Waiting...An Adoption Update

This post was written back in September and I am finally sharing it with you all.

https://www.lfsrm.org/will-and-ashley/

I took a little break from sharing our story over the summer. We were officially approved with Lutheran Family Services at the end of May, paid our first two installments and became active on their website. This summer was crazy busy with family and friends visiting from England and traveling to different places for weddings and holidays. I was convinced that we would match and have our baby placed with us during the three weeks that Will's parents were visiting. Each day passed by and the dream started to feel less possible.Well here we are in September, I am back at work as a Special Education Teaching Assistant and am way more distracted with my 9-5. We had our book looked at about a month ago. Our book is a 20 page photo album that I created. It covers our story (how we met and fell in love), our families, who we are as a couple, what we love to do and how we think we will parent one day. The book is shown to expectant mothers who are making an adoption plan for their unborn/born baby. The expectant mother chooses the family to place her child with from those books. We worked really hard on our book as it is our only voice and platform to connect with our future birth mom.

View Our Book Here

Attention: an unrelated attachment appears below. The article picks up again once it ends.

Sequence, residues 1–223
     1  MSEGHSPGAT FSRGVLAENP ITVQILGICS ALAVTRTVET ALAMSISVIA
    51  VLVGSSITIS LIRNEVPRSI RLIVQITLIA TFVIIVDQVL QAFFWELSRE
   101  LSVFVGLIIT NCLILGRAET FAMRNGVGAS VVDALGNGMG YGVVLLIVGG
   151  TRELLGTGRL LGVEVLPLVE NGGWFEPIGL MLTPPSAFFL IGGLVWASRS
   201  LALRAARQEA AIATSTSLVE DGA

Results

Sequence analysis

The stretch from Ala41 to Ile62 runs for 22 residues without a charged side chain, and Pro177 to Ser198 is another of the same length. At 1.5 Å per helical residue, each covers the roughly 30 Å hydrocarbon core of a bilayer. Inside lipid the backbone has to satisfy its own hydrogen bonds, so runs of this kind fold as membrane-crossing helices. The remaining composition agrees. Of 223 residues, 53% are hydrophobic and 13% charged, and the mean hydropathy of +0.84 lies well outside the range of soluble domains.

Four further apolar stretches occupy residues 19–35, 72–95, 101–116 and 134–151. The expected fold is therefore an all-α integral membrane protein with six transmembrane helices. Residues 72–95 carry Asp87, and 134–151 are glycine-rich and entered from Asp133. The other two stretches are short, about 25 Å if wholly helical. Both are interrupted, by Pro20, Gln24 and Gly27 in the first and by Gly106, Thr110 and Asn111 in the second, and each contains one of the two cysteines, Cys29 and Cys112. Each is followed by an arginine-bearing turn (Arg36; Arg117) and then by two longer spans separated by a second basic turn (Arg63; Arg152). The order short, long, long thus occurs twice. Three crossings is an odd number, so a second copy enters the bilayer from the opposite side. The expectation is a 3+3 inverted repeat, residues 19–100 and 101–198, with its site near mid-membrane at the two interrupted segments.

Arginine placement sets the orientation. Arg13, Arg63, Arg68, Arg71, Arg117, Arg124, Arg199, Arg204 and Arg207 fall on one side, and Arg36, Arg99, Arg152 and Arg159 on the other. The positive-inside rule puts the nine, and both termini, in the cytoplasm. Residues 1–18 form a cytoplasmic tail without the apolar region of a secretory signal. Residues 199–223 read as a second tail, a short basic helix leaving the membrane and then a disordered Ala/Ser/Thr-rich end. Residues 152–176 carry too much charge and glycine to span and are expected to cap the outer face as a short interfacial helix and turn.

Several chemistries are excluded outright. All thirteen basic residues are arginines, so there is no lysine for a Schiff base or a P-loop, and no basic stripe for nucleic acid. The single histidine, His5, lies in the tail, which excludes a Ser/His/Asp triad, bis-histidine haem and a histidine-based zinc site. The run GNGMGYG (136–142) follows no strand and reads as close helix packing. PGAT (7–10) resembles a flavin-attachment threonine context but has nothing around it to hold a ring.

With our agency, we have set up parameters for what we are comfortable with in regards to matching with our baby. Those parameters deal with drug and alcohol exposure, with age, gender, and disability. We spent time researching and praying before we decided what we were and were not comfortable with, and that was not an easy task. When a potential expectant mother decides to place with our agency, they find the families that fit with her story and situation. They take the photo books of those families and share them with the expectant mother. She then chooses the one she feels would be the best to parent her child.So our book was looked at in August for the first time. We were not the family that she chose.With our parameters that we set, we also decided that we would be open to crisis situations. A crisis situation is most likely a situation where the baby has already been born and the mother has decided she wants to place her baby with an adoptive family. In a crisis situation there is usually not a lot of information available about the mother or the baby, and saying "Yes!" to one is a total leap of faith.We got a call on Wednesday, August 30, about a two-day old baby girl, born to a mother who was incarcerated and had decided to place her baby for adoption. The information was so minimal...they could only really guess how much the baby had be exposed to drugs and alcohol. They were not aware of who the father was and if he would want to parent. We prayed and talked to a friend of ours who is a medical professional, and with all the unknowns we could not stop smiling. We decided to put ourselves forward with 6 other families.Our social worker told us to get a few things ready just in case we were chosen. She told us to enjoy a night out together and warned us to not get our hopes up because it was not a sure thing.We went to Babies R Us and bought a carseat and some little premie outfits. We had our last date night eating sushi and gushing about potentially picking up OUR baby the next day! We finished all the projects in the nursery...hanging the curtains...organizing the diapers and swaddles. We were so full of hope.If only we had guarded our hearts.After two anxious days of waiting...of checking our emails every other minute...of constantly watching our phones...of getting updates that the mother was delaying her decision...we found out that she chose a different family. I took the news in stride. I prepared myself to emotionally deal with the news in anyway I needed to. What I did not expect was how the news impacted my husband.He had planned a whole weekend spent with his brand new daughter. He imagined us driving down to the hospital to pick her up. He saw himself waking up early on Saturday to feed her while they watched the rugby. He pictured everything. And one phone call took that all away.Looking back now, I know that baby was never ours. My husband and I both grieved in different ways and it taught us that adoption is messy and heartbreaking. For us to have a family, we have to destroy another one. That is a reality that I am coming to terms with even now. This journey has not been an easy one...filled with pain, disappointment, doubt and longing. But it has also been one of hope and promise. We trust that our baby will come to us in HIS timing, and are excited to finally one day become parents.